Why did MySQL suddenly stopped on my server?

I am running a ready-made Wordpress droplet. Today my website displayed the dreaded “failed to establish database connection” message. I logged in to the server and noticed that the mysqld daemon doesn’t run in the background, so restarted it and all was fine again.

Question is, why would mysqld randomly stop by itself? I don’t want to find out that the WP website just doesn’t work when a potential client wants to look at it.

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What is your Droplet size? Are you using 512MB Droplet?

What comes to my mind is that if MySQL could got killed because it left without available RAM.

As of Ubuntu 16.04, default MySQL is 5.7, which requires at least 1GB of RAM on Droplet.

If you are really using 512MB Droplet I could recommend you upgrading to higher or setting-up swap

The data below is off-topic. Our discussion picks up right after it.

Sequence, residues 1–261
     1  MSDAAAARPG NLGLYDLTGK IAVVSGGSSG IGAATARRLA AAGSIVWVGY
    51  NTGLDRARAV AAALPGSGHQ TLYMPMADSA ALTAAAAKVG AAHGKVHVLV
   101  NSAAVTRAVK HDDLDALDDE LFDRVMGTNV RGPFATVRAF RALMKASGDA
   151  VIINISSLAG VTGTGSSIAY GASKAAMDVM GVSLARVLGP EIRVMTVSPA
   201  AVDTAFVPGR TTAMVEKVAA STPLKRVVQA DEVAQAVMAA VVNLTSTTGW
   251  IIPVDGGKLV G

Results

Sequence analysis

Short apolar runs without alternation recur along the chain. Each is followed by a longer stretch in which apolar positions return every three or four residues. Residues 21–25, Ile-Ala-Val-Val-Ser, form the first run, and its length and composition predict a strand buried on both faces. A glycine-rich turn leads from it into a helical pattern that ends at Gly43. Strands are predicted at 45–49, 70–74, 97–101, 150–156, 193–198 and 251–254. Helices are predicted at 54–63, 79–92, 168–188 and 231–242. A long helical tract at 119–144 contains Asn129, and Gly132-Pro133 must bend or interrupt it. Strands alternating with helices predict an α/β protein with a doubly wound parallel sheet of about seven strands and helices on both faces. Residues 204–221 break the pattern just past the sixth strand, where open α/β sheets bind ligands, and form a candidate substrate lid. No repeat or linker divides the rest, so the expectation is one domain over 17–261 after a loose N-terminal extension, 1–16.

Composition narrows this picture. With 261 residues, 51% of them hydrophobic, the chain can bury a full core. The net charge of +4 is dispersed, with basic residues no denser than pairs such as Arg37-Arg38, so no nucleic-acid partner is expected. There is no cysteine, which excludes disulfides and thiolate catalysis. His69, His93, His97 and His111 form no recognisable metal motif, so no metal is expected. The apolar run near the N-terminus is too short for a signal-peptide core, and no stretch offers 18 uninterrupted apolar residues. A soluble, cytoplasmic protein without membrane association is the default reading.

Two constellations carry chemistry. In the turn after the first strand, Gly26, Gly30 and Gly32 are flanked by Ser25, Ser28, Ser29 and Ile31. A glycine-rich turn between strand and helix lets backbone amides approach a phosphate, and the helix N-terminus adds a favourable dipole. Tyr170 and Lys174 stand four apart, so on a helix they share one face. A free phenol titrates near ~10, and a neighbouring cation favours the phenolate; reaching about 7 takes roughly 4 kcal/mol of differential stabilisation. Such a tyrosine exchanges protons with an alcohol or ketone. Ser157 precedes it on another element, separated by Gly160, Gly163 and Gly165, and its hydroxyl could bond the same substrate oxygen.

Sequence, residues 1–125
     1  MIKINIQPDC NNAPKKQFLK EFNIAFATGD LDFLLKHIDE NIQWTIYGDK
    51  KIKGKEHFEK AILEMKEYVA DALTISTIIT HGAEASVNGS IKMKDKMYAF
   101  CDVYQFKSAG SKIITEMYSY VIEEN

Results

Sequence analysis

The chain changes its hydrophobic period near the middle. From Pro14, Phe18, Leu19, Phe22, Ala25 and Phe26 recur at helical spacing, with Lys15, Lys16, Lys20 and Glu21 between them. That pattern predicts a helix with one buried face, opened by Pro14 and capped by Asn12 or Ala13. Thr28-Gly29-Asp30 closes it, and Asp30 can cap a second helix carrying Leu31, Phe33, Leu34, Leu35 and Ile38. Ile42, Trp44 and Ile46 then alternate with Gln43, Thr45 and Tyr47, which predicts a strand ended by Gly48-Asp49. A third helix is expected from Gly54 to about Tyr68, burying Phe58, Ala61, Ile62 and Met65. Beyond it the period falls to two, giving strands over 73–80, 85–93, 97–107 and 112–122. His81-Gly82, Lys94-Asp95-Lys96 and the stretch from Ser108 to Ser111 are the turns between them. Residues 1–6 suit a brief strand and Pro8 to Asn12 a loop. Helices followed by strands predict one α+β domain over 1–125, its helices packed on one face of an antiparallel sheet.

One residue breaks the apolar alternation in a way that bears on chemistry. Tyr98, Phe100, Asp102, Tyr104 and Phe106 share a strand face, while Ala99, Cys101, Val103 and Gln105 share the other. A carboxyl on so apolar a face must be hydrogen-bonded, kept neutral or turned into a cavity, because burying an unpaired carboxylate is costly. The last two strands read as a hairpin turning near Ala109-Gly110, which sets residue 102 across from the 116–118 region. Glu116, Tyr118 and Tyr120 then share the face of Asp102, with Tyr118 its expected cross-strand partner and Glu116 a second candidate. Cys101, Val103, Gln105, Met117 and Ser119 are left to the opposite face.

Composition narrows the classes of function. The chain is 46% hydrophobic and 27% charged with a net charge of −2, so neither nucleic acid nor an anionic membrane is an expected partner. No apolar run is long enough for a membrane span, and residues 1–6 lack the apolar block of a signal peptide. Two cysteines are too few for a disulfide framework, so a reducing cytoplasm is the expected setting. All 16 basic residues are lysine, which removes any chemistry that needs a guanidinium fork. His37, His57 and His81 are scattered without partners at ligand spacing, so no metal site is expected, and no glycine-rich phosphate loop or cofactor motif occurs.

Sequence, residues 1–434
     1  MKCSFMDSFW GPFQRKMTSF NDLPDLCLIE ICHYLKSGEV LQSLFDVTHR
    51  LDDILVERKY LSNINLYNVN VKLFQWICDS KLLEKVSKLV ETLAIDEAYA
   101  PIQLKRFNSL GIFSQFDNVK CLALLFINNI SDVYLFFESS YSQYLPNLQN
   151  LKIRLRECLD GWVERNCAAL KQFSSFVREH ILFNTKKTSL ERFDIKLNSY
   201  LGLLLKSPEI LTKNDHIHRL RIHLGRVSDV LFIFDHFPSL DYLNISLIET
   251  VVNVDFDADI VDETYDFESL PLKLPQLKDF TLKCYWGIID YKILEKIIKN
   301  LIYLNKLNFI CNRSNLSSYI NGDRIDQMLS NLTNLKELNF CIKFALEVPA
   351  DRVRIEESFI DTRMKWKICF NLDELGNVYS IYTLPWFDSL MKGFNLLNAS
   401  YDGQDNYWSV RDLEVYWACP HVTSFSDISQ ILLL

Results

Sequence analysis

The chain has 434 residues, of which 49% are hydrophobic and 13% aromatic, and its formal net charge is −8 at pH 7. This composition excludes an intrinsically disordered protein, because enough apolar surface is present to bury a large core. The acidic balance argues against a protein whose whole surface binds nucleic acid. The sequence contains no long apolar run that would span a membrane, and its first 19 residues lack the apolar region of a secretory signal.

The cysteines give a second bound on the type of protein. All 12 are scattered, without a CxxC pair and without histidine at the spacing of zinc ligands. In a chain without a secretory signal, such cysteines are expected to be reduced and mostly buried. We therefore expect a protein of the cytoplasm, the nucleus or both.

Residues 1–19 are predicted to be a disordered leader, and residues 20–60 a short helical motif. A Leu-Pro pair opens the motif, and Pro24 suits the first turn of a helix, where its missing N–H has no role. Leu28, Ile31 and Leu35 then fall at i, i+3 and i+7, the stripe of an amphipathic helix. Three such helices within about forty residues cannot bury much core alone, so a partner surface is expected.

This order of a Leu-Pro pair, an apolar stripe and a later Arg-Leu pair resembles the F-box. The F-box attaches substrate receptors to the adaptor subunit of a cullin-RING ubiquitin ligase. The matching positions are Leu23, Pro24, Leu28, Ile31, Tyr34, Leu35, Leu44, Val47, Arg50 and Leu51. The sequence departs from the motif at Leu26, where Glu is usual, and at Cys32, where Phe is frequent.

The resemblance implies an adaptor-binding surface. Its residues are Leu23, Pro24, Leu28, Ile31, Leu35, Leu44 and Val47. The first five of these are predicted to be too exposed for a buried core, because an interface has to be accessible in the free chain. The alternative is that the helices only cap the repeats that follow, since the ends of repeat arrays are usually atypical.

Yes, you should look at system logs before come to a conclusion. But there is a 95% chance that this happened due to lack of memory. You’ll have to upgrade your droplet if that’s the case. And while you’re at it you can create a more optimized environment for WordPress using a LEMP setup.

Every droplet I have ever created with an install of Wordpress will eventually crash MySQL, unless I take certain steps.

Mostly, what happens is that Wordpress is barraged with bots trying to login or gain access to your Wordpress account.

A few steps will diminish these attacks to rarely if ever crash MySQL:

  • Install the plugin Login-lockdown
  • Change your Wordpress Login Page (you will need to Google for that, as there is several ways to go about it) basically you are moving your Wordpress login page from wp-login.php to something else (for example mypersonalogin.php)
  • set up swap (as mentioned in previous answers
  • use 6G firewall in your .htaccess

Lastly, I created a script that will check on MySQL and Apache and restart them if needed:

Those things will not completely stop all bots or attacks on your Wordpress site, but they will stop the mindless bots that are searching for basic/common installs of Wordpress, which will make MySQL crash.

For fun, once you install Login-Lockdown, wait for a bit and then view the logs (under settings in Wordpress) and you will see all of the attempts that have been made to access your site. You can see all of the common names and passwords that the bots use to try and login with.